As a clinician in private practice who works with a lot of children and adolescents, I am often asked by parents about their child having a chore. Many have come across this chart with its nice checklist of age-appropriate chores for your child. And while you may quibble with a 12-year-old shopping for groceries, there is truth that our goal should be raising functioning, self-sufficient adults. Mastering a chore is a step on the way.
So in my experience with raising children and guiding parents, here are some general guidelines (and explanations below):
- Choose the right chore for your child.
- Make sure that there is some quick, positive reinforcement.
- Choose a small chore that happens daily and a larger weekly chore.
- With siblings, make sure that chores exist in silos, that one child’s chore is not dependent on another child’s chore.
- Remember: they are learning.
Choose the right chore for your child.
Imagine this task like a child reaching for something on a shelf. The list of chores does not matter as much as whether you are setting your child up for failure or a “worked for” success. Having a four-year-old scoop out food and feed the family pet makes sense; having them sweep the floor to your satisfaction sets up frustration for your child and for you.
The perfect chore is one that requires a bit of effort, but is doable for your child.
Make sure that there is some quick, positive reinforcement.
When our children were small, we would go by the bank and buy a roll of dimes. It was a small token, but it meant something to them. So that each morning when they would complete their chore, we would say, “Here you go!” and make a bit of a production of placing the dime next to their seat at the dining room table. For some kids, you may have to devise some other quick, easy reward.
Quick and consistent reinforcement of the chore is important!
The important piece is that the completed behavior (chore) is linked to the reward, consistently. And while it will be tempting to go ahead and “pay them ahead” or “I’ll go by the bank tomorrow”, the consistency on your part will lead to more consistency on their part. The other lesson in this bit is when they watch their dimes add up and then get to spend them; this sets them up to think a bit longer-term.
Choose a small chore that happens daily and a larger weekly chore.
There is a part of us that thrives on structure. A plan helps us feel safe, less anxious, and that there is predictability to our lives. Especially when our children are young, remember that you are training that part of their brain that needs a structure, that remembers and acts upon that prompting.
So having a chore that you do at the same time each day assists their brain in having the structure to complete a task, consistently. A small chore (ideally under one minute) is helpful because it usually doesn’t create much resistance. If it does, go back to Guideline 1. If a task is easy and small, the chances of them doing it consistently get much better too!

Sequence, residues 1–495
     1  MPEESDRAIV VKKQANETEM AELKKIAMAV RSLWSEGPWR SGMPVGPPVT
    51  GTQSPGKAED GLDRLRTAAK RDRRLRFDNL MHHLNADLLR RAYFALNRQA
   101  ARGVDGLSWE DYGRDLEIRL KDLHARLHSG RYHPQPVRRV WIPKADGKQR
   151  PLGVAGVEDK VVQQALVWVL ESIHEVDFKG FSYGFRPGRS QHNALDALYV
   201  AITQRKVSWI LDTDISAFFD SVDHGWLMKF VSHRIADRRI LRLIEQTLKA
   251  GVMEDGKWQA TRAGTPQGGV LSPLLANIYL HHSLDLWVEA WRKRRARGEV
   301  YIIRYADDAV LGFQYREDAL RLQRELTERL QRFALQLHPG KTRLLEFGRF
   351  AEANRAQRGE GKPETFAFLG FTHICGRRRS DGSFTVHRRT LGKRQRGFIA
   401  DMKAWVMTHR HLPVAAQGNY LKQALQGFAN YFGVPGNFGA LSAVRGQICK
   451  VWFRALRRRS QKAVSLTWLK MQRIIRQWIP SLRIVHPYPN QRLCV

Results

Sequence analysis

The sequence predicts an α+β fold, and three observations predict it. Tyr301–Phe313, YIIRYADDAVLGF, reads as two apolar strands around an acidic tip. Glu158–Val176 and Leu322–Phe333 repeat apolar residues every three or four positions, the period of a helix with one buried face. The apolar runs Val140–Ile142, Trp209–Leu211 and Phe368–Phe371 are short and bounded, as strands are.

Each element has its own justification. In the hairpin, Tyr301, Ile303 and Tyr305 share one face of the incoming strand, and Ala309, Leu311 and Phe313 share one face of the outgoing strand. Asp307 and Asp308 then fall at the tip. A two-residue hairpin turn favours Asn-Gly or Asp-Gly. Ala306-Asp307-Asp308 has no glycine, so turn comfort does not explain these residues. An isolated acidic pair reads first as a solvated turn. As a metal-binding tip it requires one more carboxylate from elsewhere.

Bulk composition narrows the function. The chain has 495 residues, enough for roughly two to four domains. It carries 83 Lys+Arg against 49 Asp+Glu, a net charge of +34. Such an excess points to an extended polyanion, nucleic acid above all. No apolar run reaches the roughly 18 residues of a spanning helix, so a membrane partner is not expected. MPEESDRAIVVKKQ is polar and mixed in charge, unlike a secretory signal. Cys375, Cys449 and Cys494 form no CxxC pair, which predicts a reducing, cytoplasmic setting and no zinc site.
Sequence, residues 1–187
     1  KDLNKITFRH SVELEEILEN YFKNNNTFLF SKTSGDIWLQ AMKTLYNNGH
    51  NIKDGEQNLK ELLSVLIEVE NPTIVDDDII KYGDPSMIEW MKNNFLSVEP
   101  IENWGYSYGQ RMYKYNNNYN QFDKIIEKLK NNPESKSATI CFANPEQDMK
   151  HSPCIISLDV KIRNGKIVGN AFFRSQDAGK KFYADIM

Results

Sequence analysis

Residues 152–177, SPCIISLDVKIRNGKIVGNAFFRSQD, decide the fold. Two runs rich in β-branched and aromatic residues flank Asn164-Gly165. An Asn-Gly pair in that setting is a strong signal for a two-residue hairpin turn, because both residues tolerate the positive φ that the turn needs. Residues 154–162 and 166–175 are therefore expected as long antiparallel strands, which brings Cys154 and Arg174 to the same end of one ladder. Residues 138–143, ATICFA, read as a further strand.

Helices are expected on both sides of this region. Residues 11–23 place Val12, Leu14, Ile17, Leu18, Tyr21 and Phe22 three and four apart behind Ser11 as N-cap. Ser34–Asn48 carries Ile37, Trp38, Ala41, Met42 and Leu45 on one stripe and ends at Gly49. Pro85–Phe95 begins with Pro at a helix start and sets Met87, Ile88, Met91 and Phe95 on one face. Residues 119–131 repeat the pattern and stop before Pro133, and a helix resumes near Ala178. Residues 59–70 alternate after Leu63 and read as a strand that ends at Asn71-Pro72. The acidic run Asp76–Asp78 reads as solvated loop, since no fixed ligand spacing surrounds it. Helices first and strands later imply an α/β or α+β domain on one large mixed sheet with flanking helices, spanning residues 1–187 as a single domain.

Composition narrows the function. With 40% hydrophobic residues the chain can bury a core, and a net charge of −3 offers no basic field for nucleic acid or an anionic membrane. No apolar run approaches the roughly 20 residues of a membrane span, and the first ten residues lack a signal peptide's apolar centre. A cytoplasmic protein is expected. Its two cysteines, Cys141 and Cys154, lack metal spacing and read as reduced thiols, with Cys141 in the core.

Small successes build up to larger successes.
The larger, longer chore can be more challenging, but then this might also be a chore that has a bigger payoff at the end. This might not be a “dime” chore, but the task may deserve a quarter! Larger chores might be tasks such as folding laundry or vacuuming, taking out the household trash or cleaning a bathroom. Again, the task should be something achievable for them. And again, when they complete it, reward them … quickly and consistently.
With siblings, make sure that chores exist in silos, that one child’s chore is not dependent on another child’s chore.
If your goal is to fan the flames of an already existing sibling rivalry, then a “wonderful” way to do that is to set up one child to sweep and another to mop. Then the sweeper holds an immense amount of power over the mopper. Yes, fireworks will ensue.
But if you don’t care for fireworks and have multiple children, do your best to keep the chores separated. Each chore should be able to be completed without having to wait on another child’s chore. This can be an easy one to miss but has the potential to bring down the whole system.
As much as possible, have the consequence for the non-completion of a chore fall on that child only.
And for parents, in relation to the “silo” guideline, don’t set yourself up for anxiety and frustration by waiting on a child to complete a chore.
Remember that they are learning.
The goal is to raise a functioning, independent adult. This will be a process; it will not happen overnight.
Try doing the chore with them at first instead of yelling at them about how to do the chore “right”.
Let go of your ideas about “doing it right” and be glad that they are trying. The best way to squash their initiation is to criticize their efforts.
If they come to you about renegotiating the chore chart, be willing to listen and trade and try again, but hold them to the new schedule for at least a few weeks.
Treat chores like any other developmental task … accepting the messiness while anticipating the day when it gets better! And it does.